Fracking Congress: Gas Industry Battles Against New Federal Rules

Washington, D.C. – A method of drilling oil and gas practiced in Nebraska is becoming increasingly controversial nationwide with many residents complaining about water contamination. But legislation on Capitol Hill to increase regulation of the practice is stalled amid industry opposition.

Hydraulic fracturing or fracking'; involves pumping millions of gallons of water, sand and some chemicals deep into the ground. It's popular in states like Pennsylvania with massive deposits of natural gas found in rock formations deep underground. "It's the only way that you can get the gas out of there and the benefits of the gas are enormous," said Daniel Whitten with America's Natural Gas Alliance, an industry group.

Nebraska is not among the major natural gas producing states. Numbers from 2007 by the U.S. Energy Information Administration ranks the state 26th in natural gas production. But state officials say hydraulic fracturing does occur because the gas the state does have can be difficult to get to. Environmentalists are calling for more disclosure of the chemicals used and tougher federal oversight amid pollution concerns. "State regulations vary quite widely. In some places they may be strong enough, in some places they are clearly not. We believe there should be a minimal federal floor of regulation," said Amy Mall with the Natural Resources Defense Council.

The energy industry and many local officials are resisting new federal rules, saying states are better suited to look over hydraulic fracturing and understand local needs. Plus, despite the ongoing debate, the industry and some experts deny there is hard evidence of contamination. "I think part of what we need to do is educate people, talk to stakeholders and policy makers, leaders in different communities and show then how we do what we do and demonstrate to them the safety of the process we use," Whitten said.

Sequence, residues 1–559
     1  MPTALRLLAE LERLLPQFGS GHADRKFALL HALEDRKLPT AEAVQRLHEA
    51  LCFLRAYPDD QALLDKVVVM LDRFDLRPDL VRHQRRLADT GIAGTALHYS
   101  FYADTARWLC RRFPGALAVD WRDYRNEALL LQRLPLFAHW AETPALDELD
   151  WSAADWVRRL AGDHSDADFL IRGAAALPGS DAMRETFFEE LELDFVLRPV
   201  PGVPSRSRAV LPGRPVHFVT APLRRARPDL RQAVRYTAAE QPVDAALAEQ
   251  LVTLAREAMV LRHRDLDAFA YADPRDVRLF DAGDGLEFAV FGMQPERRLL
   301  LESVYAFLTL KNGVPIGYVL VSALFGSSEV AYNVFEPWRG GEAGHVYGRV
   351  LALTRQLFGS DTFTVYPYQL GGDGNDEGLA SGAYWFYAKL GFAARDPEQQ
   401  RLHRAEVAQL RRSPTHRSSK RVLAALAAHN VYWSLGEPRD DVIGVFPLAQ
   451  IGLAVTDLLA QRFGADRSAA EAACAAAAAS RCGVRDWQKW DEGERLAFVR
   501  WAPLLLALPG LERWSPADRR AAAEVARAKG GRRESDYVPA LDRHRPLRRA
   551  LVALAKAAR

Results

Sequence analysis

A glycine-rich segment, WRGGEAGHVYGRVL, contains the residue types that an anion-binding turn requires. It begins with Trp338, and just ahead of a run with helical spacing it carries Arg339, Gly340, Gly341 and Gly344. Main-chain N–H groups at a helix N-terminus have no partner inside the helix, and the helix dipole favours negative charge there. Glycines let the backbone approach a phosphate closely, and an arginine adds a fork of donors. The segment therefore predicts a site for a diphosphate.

So far no Nebraska or Iowa lawmakers are co-sponsoring the so-called FRAC Act' in Congress. Parts of the legislation have been attached to energy bills that have stalled on Capitol Hill and passage during the upcoming post-election lame duck' session is uncertain.

Rep. Lee Terry, R-Neb., a member of the House Energy and Commerce Committee, joined a letter opposing new federal rules. Rep. Terry has gotten more than $42,000 connected to the oil and gas industry this election cycle, according to the Center for Responsive Politics.

Meanwhile, as lawmakers debate the issue, the Environmental Protection Agency is stepping in to comprehensively study hydraulic fracturing.